• The Piggy Cried Weee depicts an annoying little pig that can be used to discuss being aware of how our behavior might impact others. 
  • The commercials with the questions man also have lots of figurative language references: Does the buck stop here?  Does a woodchuck chuck wood?  Does a drill sargent make a good therapist? (being insensitive to others).
  • Gecko often gets into awkward situations such as spending the boss' first dollar bill in the vending machine, having to catch the boss as he falls...
  • The commercials with assisted story telling are cute too. 
  • Squirrel commercials: hidden motives?
I seriously never realized how creative the Geico Ad teams must be until just now!

Allstate Insurance Mayhem: Unexpected behavior, inattention and the problems it can create, consequences of extreme emotions and why we need to control them (teenage girl episode).

Xerox commercials:  Mets commercial is good for "foot in mouth" issues.  Marriot Hotels workers show "one upmanship" and can be used in a lesson about not trying to make yourself look better than the other person.

Not a commercial, but a good short spot that shows people often have inner struggles that others cannot see.  Can be used to teach that we don't need to tell everyone every problem we have.  Also, the point of the video clip, is to teach that our behaviors or actions can have an effect on others:  we should try to be kind and friendly to others. LINK

SpeechTechie Blog posted some good suggestions regarding Shaun the Sheep and suggested subscription to Netflix in order to access many resources.

Therapist Made Resources

The following items were made with Boardmaker to add visual supports to the Social Thinking basic concepts.  (If you want to print these, open the link, right click on picture, click "save as" to a file on your computer, then you can print them.  I do not think you can make changes to the boards.  I am not sure whether or not you can import them to your own Boardmaker and make changes... if you can, please let me know and I will post how this can be done.)

4 Steps of Perspective Taking  Addresses the aspect that people have thoughts about each other.

Thinking with Eyes / Referencing Behavior Addresses how our eyes help us socially.

Hierarchy of Skills The four basic skills for successful social skills:  Thinking of others, Physical Presence, Using our eyes, and Conversation/Words.

Physical Presence The Do's and Don'ts of establishing a physical presence with a group or with others.

Thinking About Others Ideas on things we need to consider about our communication partner to assist in regulating our behavior and our words.

Unexpected Behavior Mapping Great tool to help clients understand the chain of events that can be caused by their unexpected behaviors and the negative outcomes.

Expected Behavior Mapping This charts the events of expected behaviors and the postive or at least neutral outcomes. These two boards were made to offer visual support or reminder for younger clients.  The pictures in the headings help keep them focused on the ideas to explore in each column.

I found a wonderful site by Jill Kuzma.  She has created and posted loads of great worksheets and PDFs that also supplement Michelle Garcia Winner's Social Thinking curriculum.  Plan to spend a lot of time perusing her site!  I am posting links to a few of my favorites.
Expected-Unexpected Definitions
Expected Behavior Map
Unexpected Behavior Map
Thinking and Talking Bubbles
Just Me & Thinking About You cards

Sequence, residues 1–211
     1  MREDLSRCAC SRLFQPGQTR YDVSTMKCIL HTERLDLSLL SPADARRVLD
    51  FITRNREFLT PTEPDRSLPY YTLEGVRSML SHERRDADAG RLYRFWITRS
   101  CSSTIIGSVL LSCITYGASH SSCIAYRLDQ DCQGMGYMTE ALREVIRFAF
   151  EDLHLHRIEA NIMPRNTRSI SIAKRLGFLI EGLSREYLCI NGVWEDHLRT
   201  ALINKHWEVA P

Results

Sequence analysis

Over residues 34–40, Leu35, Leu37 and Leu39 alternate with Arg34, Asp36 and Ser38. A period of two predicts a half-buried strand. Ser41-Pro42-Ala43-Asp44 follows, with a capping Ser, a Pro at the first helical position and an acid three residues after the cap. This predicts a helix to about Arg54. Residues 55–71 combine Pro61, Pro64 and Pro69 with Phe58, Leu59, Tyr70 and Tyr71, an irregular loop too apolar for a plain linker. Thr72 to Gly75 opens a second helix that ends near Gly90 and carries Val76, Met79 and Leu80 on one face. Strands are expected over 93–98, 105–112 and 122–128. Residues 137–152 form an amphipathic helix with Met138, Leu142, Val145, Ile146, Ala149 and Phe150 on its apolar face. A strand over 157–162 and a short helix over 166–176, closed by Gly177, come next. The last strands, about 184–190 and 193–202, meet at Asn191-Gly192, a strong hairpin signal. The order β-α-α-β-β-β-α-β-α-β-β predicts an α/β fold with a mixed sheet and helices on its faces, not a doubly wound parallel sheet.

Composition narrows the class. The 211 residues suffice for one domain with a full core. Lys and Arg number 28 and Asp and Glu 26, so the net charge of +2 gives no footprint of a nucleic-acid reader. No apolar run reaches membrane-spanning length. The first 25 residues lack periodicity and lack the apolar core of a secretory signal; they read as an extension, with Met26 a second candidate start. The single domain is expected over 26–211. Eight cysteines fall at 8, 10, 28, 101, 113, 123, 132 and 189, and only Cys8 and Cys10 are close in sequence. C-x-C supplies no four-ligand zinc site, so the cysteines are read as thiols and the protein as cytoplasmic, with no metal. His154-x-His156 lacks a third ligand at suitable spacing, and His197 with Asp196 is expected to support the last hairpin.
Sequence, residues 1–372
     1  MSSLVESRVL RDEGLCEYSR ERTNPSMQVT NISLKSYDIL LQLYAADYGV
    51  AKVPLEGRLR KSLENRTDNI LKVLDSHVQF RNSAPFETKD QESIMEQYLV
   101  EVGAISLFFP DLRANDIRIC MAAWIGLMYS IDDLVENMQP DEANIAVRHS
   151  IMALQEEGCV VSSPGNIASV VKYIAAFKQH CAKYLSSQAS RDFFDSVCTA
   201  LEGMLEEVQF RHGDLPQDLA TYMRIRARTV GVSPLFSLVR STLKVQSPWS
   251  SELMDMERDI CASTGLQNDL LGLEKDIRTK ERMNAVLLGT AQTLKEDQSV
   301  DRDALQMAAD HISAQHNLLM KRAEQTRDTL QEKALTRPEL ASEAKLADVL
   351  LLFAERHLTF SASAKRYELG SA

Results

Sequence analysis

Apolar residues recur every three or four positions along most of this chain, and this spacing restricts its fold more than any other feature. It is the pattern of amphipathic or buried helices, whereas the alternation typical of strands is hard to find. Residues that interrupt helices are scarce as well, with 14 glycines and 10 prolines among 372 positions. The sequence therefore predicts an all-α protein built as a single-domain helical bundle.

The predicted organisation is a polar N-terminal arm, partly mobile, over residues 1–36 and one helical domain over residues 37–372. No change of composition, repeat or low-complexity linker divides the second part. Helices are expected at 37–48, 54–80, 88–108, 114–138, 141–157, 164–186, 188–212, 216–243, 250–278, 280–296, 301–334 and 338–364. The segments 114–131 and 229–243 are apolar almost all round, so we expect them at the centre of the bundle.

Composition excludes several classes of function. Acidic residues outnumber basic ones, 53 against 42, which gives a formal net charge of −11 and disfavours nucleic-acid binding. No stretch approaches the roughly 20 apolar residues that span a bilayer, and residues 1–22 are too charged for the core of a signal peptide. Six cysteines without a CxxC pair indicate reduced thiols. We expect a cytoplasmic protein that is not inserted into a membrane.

Making Impressions
Brain Social Filter

Book Links

Children's books on teaching emotions  Angry, Happy, Sad, Grumpy, Silly... includes books on learning to regulate your emotions and responses.  Teaching emotional states is always important with social pragmatic challenged clients.  This teaching can be done as a stand alone objective or it can fit nicely with Social Thinking lessons that discuss how our behaviors can affect the emotions of others.  Also it is useful when discussing the problem rating scales and learning to gauge our emotional responses to match the severity of the problem.

Vocal Regulation:  Great resource to use with book Holler Loudly is a kindergarten teaching unit from Cynthia Leitich Smith (guide versions for Pre-k, first, and second grade available; click on kids books and Holler Loudly to find the Teacher Guides). This book can be used to kick off a lesson on vocal regulation.  Please check out the authors website for lots of great resources on this and her other books.  Here is a link to a worksheet  from based on the 5 point scale. (This lesson might fit well with Unexpected Behavior teaching).

Wordless Books:  I have found that wordless books are great ways to teach about facial expressions and to infer meaning from context.  No words means the children must carefully use their eyes to figure out what is going on in the story and must make lots of  "smart guesses" as they try to piece together their own story.  Since kiddos with ASD are often hyperlexic, this requires them to engage their own verbal expression skills, critical thinking, inferencing, gestalt processing, and social knowledge.   

101 More Life Skills Games for Children (connect, play, create)by Bernie Badegruber.  I have been looking for small group games and activities to use in our groups.  I found this book on and it looks promising.  It categorizes games in sections such as "I Games (what I'm feeling), You Games(perceiving you, working with you), We Games (cooperation, relationship games)".  There is also a version for ages 6-12 which includes a section on imagination.  I just added it to my cart for the next order.

Please HELP by adding your ideas.  Check back often as I will add ideas and edits to this blog.

You may also be interested in these related posts:
Eye Conact, Social Referencing, Joint Attention
Social Skills: Thinking & Language...
Perspective Taking

Friday, January 28, 2011

My Journey into Autism Treatment as an SLP from the Stone Ages